06 Aug 2014
Since the 17th century, sailors have been haunted by the story of the Flying Dutchman, an airborne ghost-ship that can never put in to port and is forced to endlessly sail the world’s oceans.
While the sight of a ship floating above the horizon could unsettle any seafarer, meteorologists can explain it as the result of a Fata Morgana – a dramatic ‘superior mirage’ caused by the air below the line of sight being significantly colder than that above it.
Named after King Arthur’s sorceress half-sister, Morgan Le Fay, Fata Morgana tend to be more common in the polar regions, where the surface is often topped with shallow layers of cold air.
Where this air meets a higher layer of warmer air, particularly in calm conditions, it can create an atmospheric duct that acts like a refracting lens, causing light travelling between the two masses of air to ‘bend’ – and creating some very elaborate distortions. Ships on the horizon can appear elongated vertically or mirrored upside-down.
The Bureau of Meteorology’s Tasmanian media manager, Mal Riley, witnessed a striking Fata Morgana recently off the western coast of Victoria, while he was travelling – ironically – aboard a Dutch tall ship bound for Sydney.
There was a huge black square extending 1 or 2 degrees above the horizon Riley recalled. “Nobody could make out what it was, until the Automated Identification System confirmed it was a car carrier, one of those box-like cargo ships, and our vision of it was stretched to probably three times its actual height. There was an inverted reflection of the ship on top of the real ship: two boxes, one on top of the other.”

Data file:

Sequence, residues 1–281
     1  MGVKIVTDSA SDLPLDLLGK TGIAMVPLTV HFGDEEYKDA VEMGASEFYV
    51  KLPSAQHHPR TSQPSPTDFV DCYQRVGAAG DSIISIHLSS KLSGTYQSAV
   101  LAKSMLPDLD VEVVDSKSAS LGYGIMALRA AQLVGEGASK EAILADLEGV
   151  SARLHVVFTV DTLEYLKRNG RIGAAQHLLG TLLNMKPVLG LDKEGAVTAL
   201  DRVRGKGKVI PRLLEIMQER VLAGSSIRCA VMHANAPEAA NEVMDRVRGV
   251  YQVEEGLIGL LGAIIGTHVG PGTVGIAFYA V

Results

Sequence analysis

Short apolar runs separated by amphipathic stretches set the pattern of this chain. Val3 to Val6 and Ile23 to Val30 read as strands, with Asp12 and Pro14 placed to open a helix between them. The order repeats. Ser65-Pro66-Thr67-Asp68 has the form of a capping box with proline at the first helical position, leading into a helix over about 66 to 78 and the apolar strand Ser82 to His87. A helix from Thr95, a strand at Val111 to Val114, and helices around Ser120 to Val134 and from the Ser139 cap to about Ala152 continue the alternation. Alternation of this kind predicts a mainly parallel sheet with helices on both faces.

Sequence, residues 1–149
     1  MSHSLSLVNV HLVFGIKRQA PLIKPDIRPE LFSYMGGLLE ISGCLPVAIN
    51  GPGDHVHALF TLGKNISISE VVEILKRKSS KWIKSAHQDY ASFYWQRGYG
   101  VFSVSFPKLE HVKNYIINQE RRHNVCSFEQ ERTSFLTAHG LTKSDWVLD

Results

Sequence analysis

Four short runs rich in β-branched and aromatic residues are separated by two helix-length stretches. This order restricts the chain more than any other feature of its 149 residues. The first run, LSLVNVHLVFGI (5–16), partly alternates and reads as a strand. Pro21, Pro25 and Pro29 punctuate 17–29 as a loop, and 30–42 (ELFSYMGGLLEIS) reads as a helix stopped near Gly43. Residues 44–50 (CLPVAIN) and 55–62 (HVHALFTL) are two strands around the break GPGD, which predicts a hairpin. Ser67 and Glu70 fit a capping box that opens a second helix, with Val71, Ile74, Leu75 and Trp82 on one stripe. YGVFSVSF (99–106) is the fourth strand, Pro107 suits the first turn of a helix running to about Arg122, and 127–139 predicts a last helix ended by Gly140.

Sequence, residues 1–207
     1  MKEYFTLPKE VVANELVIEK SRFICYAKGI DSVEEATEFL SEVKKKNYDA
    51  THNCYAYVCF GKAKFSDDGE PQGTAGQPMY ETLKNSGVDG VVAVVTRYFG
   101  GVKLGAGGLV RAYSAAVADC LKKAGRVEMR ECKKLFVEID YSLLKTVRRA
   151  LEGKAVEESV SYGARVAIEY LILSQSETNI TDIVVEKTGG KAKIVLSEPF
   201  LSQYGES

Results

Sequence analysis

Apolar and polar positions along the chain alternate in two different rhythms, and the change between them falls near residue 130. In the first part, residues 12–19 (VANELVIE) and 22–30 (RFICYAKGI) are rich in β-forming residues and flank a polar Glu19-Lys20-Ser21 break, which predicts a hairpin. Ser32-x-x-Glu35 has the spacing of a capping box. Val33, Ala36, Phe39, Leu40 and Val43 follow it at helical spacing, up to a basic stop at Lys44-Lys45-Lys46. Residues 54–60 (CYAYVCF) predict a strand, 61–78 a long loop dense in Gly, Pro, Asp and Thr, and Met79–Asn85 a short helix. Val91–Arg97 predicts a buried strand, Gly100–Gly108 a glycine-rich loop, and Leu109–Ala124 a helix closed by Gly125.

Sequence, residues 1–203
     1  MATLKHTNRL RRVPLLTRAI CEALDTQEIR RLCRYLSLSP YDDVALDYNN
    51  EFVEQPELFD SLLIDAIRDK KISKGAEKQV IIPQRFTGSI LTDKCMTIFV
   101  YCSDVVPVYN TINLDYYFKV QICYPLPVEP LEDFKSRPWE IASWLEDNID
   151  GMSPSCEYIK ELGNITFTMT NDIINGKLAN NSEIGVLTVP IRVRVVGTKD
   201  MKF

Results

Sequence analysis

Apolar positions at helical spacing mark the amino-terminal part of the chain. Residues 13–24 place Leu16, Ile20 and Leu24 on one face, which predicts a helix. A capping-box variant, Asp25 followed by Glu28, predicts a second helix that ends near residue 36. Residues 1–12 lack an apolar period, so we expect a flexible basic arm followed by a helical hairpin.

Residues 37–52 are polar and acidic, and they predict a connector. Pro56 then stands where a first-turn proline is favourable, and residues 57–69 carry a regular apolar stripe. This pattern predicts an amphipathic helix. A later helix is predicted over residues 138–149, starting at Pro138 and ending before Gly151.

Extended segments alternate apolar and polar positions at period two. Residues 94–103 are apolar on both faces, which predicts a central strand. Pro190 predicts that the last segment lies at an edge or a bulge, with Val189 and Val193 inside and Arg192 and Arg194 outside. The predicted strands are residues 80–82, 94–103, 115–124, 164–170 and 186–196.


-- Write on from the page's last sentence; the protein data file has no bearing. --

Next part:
During the afternoon, Riley and the crew of the Oosterschelde watched a procession of strange-looking ships, some stretched vertically and with mirror images in the sky, others short and squat.
On the day of Riley’s voyage, winds from the northwest had carried a layer of warm air over the area. The temperature over the land was in the mid-twenties and this air moved over the water of the Bass Strait, which was 13-14°C at the time. The bottom layers of the atmosphere were thus being cooled by the cold sea temperatures.
Fata Morgana not only produces mirror images, but can magnify objects that lie beyond the horizon. Ships can therefore be below the horizon but their reflected light is distorted to such an extent that they appear to be ‘sailing’ in the sky. This is the likely explanation of the Flying Dutchman – the ship literally appeared to be flying.
When you next find yourself enjoying a day on the high seas, do not panic at seeing sky-scraping ships in hazy air – it’s just Fata Morgana, and not your mind playing tricks. Although the sailors who spotted the Flying Dutchman were absolutely convinced ships could fly.
Original article on the Bureau of Meteorology website